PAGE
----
The weather was close.
That’s how my mother would have described it. Stifling humidity surrounded me and it wasn’t pleasant company.
I’d told stories on stage at the state fair and had a break before yapping again, so I took a stroll on the fairgrounds. The sounds of the fair rushed over, by and through me. I enjoyed watching people eat things I’d never eat unless I was starving or a contestant on a game show. These were the thoughts of a man whose grandparents ate lard on bread, seasoning it with salt and pepper because they were connoisseurs. I kept one eye on food and the other on the ground to keep from stepping on things that fairgoers hadn’t disposed of properly. I was an island in the middle of Crazy Lake.
I came upon quite a sight – a long line leading to an enormous building. The line twisted and turned. It was no Guinness World Record, but it was impressive. It intrigued me. I jumped on that bandwagon and got in line. Getting in another line wasn’t on my bucket list. I was in line for no reason other than there was a line I could be in and I waited to get an unknown something I didn’t need. I used to wonder if I was an idiot. The results are in. It’s official, I am. I asked the guy ahead of me what we were in line for and hoped it’d be a goose laying golden eggs and not a high-pressure salesman selling timeshares.
He said, “I don’t know, but it must be something big and free. Look at the length of this line.”
We liked free stuff because we weren’t hedge fund managers. Robin Leach never narrated a moment of my life on the TV show “Lifestyles of the Rich and Famous,” or as it’s known in my mind, “Lifestyles of the Rich and Fatuous.” I remained in the line because I had champagne wishes and caviar dreams.
I repeated the man’s answer when the woman behind me asked if I knew what we were in line for. She smiled. At a fair, getting free stuff is a side hustle.
The line grew behind me as people paused from stalking foods on a stick to stand in line, but my progression forward wasn’t rapid. I’d boldly go where everyone was going because I’d invested time into the endeavor and there were so many people behind me in the line. Social media influencers remind us constantly that there is always someone better off than we are and someone always has whatever is being given away at the front of the line.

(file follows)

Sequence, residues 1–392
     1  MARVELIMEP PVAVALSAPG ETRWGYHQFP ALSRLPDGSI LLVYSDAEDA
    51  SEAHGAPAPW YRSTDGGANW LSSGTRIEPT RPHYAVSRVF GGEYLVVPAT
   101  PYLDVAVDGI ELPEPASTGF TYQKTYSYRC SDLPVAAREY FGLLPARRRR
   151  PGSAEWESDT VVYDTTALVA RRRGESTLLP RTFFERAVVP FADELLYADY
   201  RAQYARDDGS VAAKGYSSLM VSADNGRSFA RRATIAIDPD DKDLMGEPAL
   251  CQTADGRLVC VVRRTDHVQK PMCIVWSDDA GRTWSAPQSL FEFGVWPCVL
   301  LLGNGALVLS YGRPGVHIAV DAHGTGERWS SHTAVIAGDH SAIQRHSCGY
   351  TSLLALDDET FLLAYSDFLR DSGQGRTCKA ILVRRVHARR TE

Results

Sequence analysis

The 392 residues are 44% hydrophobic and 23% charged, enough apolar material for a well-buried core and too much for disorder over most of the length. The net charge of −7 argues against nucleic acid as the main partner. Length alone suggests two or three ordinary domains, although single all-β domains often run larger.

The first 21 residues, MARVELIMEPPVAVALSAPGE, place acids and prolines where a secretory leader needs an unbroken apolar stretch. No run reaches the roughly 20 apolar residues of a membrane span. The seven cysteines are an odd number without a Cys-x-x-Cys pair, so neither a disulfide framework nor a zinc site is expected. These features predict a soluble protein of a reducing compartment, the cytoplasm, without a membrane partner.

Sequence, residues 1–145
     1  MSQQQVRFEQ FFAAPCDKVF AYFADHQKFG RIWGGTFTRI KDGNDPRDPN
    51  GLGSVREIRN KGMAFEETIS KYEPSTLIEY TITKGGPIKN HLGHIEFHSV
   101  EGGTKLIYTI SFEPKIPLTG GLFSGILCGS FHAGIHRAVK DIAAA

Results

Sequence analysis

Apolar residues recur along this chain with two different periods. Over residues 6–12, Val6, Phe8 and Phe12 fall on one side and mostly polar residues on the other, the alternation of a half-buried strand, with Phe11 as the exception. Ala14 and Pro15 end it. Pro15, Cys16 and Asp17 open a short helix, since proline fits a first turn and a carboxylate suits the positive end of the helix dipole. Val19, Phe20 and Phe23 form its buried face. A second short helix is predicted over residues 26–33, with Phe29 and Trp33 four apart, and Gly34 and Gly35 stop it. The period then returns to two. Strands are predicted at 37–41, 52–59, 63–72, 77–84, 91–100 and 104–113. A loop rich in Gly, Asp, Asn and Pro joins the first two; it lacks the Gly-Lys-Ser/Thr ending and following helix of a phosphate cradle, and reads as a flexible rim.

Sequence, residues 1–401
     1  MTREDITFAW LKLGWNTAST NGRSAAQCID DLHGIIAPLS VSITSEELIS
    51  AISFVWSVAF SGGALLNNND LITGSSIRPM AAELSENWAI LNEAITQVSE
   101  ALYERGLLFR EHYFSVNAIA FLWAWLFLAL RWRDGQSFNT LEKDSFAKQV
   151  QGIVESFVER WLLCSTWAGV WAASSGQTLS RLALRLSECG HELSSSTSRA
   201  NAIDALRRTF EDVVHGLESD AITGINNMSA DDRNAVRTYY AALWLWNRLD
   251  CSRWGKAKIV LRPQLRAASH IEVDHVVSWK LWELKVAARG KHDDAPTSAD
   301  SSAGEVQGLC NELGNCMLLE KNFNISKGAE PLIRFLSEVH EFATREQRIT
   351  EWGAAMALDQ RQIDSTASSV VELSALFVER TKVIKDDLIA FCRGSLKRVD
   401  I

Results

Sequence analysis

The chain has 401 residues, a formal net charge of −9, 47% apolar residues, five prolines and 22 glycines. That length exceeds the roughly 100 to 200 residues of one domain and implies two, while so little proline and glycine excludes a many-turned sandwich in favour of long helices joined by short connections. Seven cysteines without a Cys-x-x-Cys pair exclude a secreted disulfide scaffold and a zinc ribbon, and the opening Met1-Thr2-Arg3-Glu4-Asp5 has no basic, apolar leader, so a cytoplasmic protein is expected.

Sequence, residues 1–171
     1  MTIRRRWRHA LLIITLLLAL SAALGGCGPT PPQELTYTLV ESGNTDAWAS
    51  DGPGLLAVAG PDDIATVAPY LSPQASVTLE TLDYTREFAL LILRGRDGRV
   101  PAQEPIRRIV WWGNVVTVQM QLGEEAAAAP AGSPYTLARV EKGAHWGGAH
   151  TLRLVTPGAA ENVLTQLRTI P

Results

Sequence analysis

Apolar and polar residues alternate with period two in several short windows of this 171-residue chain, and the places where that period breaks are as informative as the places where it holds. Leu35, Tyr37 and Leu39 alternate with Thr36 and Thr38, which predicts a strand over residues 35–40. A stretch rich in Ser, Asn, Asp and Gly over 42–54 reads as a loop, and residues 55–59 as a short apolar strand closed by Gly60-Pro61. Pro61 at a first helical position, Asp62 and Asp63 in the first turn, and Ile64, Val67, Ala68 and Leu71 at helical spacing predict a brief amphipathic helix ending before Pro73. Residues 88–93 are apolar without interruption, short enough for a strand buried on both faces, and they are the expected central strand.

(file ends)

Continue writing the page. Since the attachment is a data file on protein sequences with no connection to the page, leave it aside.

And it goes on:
We complain while standing in a short line at the DMV to license something our ancestors would have considered an unimaginable luxury. We’re in a hurry to spend money. This line was different. There were no complaints.
The minutes moseyed by. My waiting skills were pushed to the next level, but it didn’t tamp down my resolve. The closer I came to the building, the more people I saw carrying orange bags bearing the name of Augsburg University. They grinned as if the tote bags were as beautiful as a sunset at the Grand Canyon as they hurried on to the next free thing.
A friendly Augsburg student handed me my free tote bag. I pretended to act my age and was happy enough with the bag that I called it quits for the day as far as being a gatherer of free things. I had dirt to scratch and eggs to lay.
There’s no such thing as a free lunch, but sample day at a grocery store comes close. It brokers peace between my wallet and my appetite. I enjoyed a cookie made from sunflower seeds and rolled oats. It was tiny, tasty and free.
The friendly cashier asked me how many bags I had.
I said I had 73 tote bags, but they were all safely ensconced in my car. I need to go to tote bag camp.
I added, “One of them is orange and says ‘Augsburg University’ on it. The orange makes it easy to find.”
I didn’t tell her I couldn’t find it.